Being able to change your configuration without bringing the service down is extremely important for web apps. CFG4J provides runtime configuration reloading which can be configured using
ReloadStrategy. When configuration gets reloaded all bound configuration objects (see “Accessing configuration” above) will be updated.
- Reload configuration periodically (also see this sample app).
- Reload on-demand (e.g. triggered by push mechanism)
Multi-tenant support (a.k.a. environment selection)
You may want to store multiple configuration sets in a single configuration store (e.g. to support different environments [dev, test, prod] in your app or simplify because you want to maintain one store for multiple tenants).
To support this use case cfg4j introduces Environments.
Environment is simply a way to tell the provider where in the store is your configuration set located. Because each source may support environments differently (e.g. in git you could use separate branches or directories, in K-V store you could use different paths, etc.).
For now we’re keeping it simple.
Environment has a name that is interpreted by the source. It’s up to the source what interpretation to use. Consult documentation for each of the sources (plugins) for more detail.
You can provide
Environment to the provider in the following way:
Different file types support (YAML, properties)
When reading from
ConfigurationSource that is backed by files (e.g. git repository) you have an option of using either plain properties files or YAML files. Cfg4j will automatically recognize the file by its extension (.properties or .yaml).
Merging configurations from multiple sources
You can merge configs from multiple configuration sources. To do that use
MergeConfigurationSource as seen below:
Fallback in case of failure
When working in a distributed environment failure happen all the time. You may consider using multiple sources. When one fails another one will be used as a fallback. You can use
FallbackConfigurationSource in the following way:
Most of the cfg4j components are instrumented. Metrics are exposed with support from Dropwizard’s Metrics library. You can see the number of invocations (e.g. how many times your configuration was reloaded) and execution time (e.g. how long does it take to fetch configuration from external configuration source - git repository or Consul). To enable instrumentation you have to provide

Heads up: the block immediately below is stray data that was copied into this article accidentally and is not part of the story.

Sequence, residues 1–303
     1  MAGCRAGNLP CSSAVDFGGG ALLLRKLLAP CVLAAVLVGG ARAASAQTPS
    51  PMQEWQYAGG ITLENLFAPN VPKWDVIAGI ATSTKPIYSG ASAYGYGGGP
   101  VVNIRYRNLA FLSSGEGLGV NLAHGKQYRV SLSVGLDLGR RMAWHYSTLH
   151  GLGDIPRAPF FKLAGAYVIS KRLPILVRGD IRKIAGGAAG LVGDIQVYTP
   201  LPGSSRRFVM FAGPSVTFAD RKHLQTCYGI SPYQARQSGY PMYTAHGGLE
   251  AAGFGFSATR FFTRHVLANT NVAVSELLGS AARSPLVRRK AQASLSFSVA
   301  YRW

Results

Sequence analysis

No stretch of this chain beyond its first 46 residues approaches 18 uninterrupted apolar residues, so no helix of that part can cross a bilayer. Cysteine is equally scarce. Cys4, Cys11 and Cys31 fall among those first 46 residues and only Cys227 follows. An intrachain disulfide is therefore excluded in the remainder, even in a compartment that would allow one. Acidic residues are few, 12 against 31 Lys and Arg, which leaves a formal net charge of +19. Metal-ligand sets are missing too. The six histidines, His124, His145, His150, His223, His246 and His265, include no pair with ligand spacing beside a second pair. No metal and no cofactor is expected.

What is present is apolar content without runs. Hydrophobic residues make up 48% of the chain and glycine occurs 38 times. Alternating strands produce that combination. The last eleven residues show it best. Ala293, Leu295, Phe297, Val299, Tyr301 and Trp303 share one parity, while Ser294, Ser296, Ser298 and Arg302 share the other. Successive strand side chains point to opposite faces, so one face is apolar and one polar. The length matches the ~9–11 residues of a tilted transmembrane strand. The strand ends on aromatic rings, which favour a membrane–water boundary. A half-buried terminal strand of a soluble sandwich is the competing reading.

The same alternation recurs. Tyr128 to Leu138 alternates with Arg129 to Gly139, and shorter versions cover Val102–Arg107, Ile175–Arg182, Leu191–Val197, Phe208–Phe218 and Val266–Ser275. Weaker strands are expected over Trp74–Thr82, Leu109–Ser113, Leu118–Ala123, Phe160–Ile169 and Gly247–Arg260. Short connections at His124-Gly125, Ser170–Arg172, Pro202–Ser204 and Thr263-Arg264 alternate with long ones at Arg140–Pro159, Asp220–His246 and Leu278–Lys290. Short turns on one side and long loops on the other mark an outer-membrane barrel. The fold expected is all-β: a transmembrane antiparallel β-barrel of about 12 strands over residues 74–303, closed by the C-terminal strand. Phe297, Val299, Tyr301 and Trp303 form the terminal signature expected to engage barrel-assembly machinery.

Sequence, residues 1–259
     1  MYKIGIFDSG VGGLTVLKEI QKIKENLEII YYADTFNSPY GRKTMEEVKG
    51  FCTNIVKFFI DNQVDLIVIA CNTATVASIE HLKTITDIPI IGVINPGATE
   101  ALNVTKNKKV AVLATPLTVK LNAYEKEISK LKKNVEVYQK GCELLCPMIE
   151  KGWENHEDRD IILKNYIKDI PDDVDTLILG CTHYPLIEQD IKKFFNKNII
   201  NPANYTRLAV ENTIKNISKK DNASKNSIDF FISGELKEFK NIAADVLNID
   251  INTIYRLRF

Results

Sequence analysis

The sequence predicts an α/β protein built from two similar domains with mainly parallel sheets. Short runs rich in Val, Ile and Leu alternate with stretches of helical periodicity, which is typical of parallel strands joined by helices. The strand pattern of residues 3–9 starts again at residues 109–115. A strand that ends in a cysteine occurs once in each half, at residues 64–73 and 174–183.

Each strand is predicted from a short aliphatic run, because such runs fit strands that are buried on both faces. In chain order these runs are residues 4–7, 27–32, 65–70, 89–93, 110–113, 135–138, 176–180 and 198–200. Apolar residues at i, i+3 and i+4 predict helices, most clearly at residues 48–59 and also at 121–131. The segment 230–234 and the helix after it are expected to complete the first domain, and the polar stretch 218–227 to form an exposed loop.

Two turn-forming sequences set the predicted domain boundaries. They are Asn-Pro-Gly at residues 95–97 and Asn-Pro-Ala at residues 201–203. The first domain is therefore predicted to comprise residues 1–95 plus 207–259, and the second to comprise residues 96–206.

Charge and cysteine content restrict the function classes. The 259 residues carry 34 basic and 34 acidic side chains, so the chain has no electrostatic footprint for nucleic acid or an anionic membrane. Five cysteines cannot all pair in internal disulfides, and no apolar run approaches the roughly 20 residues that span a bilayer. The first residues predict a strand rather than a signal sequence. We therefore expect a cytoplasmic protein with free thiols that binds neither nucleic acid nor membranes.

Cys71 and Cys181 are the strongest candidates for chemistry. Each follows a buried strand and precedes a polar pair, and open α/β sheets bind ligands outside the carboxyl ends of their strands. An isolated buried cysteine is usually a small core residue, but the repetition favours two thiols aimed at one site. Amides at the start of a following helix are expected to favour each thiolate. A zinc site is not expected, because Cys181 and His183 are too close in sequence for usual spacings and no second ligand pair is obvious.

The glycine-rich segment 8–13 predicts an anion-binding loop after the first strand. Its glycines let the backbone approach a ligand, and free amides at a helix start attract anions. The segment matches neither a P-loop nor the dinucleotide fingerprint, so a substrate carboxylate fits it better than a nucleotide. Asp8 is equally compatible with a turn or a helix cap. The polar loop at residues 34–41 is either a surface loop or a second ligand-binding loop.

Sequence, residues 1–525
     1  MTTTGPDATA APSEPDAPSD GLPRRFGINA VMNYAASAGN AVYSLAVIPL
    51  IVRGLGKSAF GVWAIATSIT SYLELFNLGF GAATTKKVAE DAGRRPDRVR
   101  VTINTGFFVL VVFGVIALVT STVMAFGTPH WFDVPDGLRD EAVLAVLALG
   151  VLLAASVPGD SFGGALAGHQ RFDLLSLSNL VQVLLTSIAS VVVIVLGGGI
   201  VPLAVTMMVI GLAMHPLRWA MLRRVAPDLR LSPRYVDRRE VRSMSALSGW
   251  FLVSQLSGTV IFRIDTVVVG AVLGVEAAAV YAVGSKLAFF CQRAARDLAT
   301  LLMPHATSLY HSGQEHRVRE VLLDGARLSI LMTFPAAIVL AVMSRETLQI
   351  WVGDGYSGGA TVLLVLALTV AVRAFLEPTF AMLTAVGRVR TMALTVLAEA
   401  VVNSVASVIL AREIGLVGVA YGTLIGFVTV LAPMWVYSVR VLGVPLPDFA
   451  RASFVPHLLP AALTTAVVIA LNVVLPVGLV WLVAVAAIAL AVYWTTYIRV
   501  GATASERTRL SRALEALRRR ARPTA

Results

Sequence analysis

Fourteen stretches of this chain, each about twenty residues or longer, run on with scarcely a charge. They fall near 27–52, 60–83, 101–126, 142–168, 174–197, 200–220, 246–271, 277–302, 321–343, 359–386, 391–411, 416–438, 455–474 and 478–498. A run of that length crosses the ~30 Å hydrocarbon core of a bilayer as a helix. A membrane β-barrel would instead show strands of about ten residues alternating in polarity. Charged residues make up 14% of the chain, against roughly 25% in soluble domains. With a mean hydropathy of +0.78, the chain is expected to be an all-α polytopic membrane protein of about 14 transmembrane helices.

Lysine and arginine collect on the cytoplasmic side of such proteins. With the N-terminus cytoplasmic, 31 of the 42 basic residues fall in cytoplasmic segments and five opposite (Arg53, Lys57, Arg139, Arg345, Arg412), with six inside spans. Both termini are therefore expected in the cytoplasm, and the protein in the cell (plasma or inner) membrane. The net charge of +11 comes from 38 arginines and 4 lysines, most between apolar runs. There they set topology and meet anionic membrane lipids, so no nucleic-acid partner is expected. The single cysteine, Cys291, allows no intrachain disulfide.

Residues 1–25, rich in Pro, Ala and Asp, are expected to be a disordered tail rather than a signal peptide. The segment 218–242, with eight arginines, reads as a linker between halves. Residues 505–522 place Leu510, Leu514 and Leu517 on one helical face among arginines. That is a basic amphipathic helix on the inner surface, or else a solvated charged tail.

ConfigurationProvider with Metric’s
MetricRegistry. To easily differentiate between metrics for different provided you can specify prefix prepended to all metric names constructed for the given provider.
- Read configuration from multiple files located in classpath. Also see this sample app.
- Read configuration from multiple files located in a given path. Also see this sample app.
- Use remote or local git repository that reloads configuration every 5 seconds. Also see this sample app.
- Read configuration from a given files (defaults to application.properties). Also see this sample app.
Multi-tenant support (multiple configuration sets per source)
- Read configuration from a given branch (defaults to master). Also see this sample app.
- Read configuration from files (see examples above to change list of files) at a given path.
- Connect to local Consul agent and reload configuration every 5 seconds. Also see this sample app.
- Connect to remote Consul agent and reload configuration every 5 seconds.
Multi-tenant support (multiple configuration sets per repository)
- Read configuration from a given prefix (defaults to no prefix).